Robert Kuttner

Robert Kuttner is co-founder and co-editor of The American Prospect, as well as a distinguished senior fellow of the think tank Demos. He was a longtime columnist for Business Week and continues to write columns in The Boston Globe. He is the author of Obama's Challenge and other books.

Recent Articles

Storylines: Get Me Rewrite

A very long time ago, when I was the manager of a listener-supported radio station, we were planning our annual on-air fundraising drive. "The only thing we have to sell," one staffer said earnestly, "is our integrity." A wise guy replied, "What do you think we can get for it?" Thanks to the poisonous blend of talk shows, lecture fees, and an absence of conflict-of-interest standards, too many of today's celebrity journalists seem to have taken this ironic advice literally.

Revenue Sharing, Anyone?

House and Senate leaders are now deadlocked between a Republican House stimulus bill that
is a shameless tax giveaway to large corporations and a Senate Democratic spending bill that is
well intended but too paltry.

The country is facing a serious recession as well as increased national security needs. The safety net is
frayed. Joblessness is rising, but unemployment insurance now covers fewer workers with stingier
benefits.

Comment: Brighter Prospects

A decade ago, in year nine of the Reagan-Bush era, Paul Starr, Robert Reich and I founded a new liberal journal. The Prospect began as a quarterly, with 2,700 subscribers. Longtime readers may notice a few changes in this, our forty-seventh issue, the first to be published biweekly.

Comment: Incremental Reform Toward What?

How to cure the American health care system depends on what you think ails it. The center and the right identify three basic maladies. First, there is a cost crisis. This view reflects the concerns of "payers"--employers who face rising premiums, federal budget balancers projecting Medicare deficits, and insurance companies whose profits are squeezed by new drugs, more complex technologies, and patients who live longer.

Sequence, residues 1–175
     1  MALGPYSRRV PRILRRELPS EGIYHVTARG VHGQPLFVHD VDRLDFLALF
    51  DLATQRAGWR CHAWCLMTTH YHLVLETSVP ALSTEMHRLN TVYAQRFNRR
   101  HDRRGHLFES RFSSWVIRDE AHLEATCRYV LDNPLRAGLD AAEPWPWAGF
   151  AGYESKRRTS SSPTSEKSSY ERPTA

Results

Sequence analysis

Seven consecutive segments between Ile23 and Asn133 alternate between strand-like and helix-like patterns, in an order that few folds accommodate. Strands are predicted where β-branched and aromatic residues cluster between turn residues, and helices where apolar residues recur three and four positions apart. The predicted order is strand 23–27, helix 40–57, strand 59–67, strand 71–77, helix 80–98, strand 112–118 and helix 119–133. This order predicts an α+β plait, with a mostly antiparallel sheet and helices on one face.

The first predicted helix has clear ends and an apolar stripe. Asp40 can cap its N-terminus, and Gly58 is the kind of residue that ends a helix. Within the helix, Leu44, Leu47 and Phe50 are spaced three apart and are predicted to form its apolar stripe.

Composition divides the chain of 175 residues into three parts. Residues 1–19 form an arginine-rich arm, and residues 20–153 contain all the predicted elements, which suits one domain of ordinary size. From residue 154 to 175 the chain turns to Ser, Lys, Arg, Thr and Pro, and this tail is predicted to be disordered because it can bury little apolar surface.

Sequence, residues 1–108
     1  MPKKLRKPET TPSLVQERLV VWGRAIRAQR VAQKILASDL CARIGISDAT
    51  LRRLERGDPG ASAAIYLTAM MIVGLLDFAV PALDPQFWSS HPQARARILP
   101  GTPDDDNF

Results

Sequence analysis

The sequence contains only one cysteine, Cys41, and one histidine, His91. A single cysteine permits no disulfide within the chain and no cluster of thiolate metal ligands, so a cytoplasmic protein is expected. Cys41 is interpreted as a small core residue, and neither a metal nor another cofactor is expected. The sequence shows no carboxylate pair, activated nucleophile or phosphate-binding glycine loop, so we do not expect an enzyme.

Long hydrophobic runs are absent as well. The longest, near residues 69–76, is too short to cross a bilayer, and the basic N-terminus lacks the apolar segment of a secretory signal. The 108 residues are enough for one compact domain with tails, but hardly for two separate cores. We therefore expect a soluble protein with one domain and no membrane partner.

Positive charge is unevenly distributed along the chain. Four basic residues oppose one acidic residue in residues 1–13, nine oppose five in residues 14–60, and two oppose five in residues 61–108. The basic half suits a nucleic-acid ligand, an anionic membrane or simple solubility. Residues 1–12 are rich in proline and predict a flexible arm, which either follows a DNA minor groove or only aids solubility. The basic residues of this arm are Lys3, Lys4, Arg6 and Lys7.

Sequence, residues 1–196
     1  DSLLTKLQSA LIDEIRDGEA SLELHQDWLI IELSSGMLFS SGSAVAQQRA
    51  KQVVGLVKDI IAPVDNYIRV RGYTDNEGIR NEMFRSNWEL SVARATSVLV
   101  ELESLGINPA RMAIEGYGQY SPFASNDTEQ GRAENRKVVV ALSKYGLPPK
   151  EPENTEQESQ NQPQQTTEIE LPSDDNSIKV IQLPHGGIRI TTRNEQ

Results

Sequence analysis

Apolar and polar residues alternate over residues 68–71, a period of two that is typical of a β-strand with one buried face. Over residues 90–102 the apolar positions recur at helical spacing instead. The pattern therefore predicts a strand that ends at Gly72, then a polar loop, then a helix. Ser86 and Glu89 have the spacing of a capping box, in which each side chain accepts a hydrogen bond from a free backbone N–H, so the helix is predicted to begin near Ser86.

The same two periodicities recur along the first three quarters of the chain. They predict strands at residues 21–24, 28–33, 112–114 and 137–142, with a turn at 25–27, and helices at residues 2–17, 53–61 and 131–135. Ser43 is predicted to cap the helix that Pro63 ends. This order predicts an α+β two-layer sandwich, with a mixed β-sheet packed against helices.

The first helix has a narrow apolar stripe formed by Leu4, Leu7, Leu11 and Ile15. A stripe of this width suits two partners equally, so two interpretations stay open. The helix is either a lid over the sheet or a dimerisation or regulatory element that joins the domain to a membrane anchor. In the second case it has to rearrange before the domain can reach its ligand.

Second, there is a coverage crisis. Some 44 million Americans are uninsured, a million more than last year. In addition, prescription drugs are not adequately covered by many plans, including Medicare.

Terrorism and Our Democracy

The first casualty of war is said to be truth, and a close second is civil liberty. As we necessarily become more alert to terrorist threats, we should be just as vigilant of our own liberties as Americans. If the defense against terrorism makes us a police state, terror will have won.


America is now a different country. But even in a world where every American is a potential target, it's possible to have higher levels of security without sacrificing basic liberty.


Europe takes airport security far more seriously than we do, but still maintains functioning democracies. Even Israel's state airline, El Al, keeps its planes flying safely, with meticulous inspections, armed guards, and anti-terror training.


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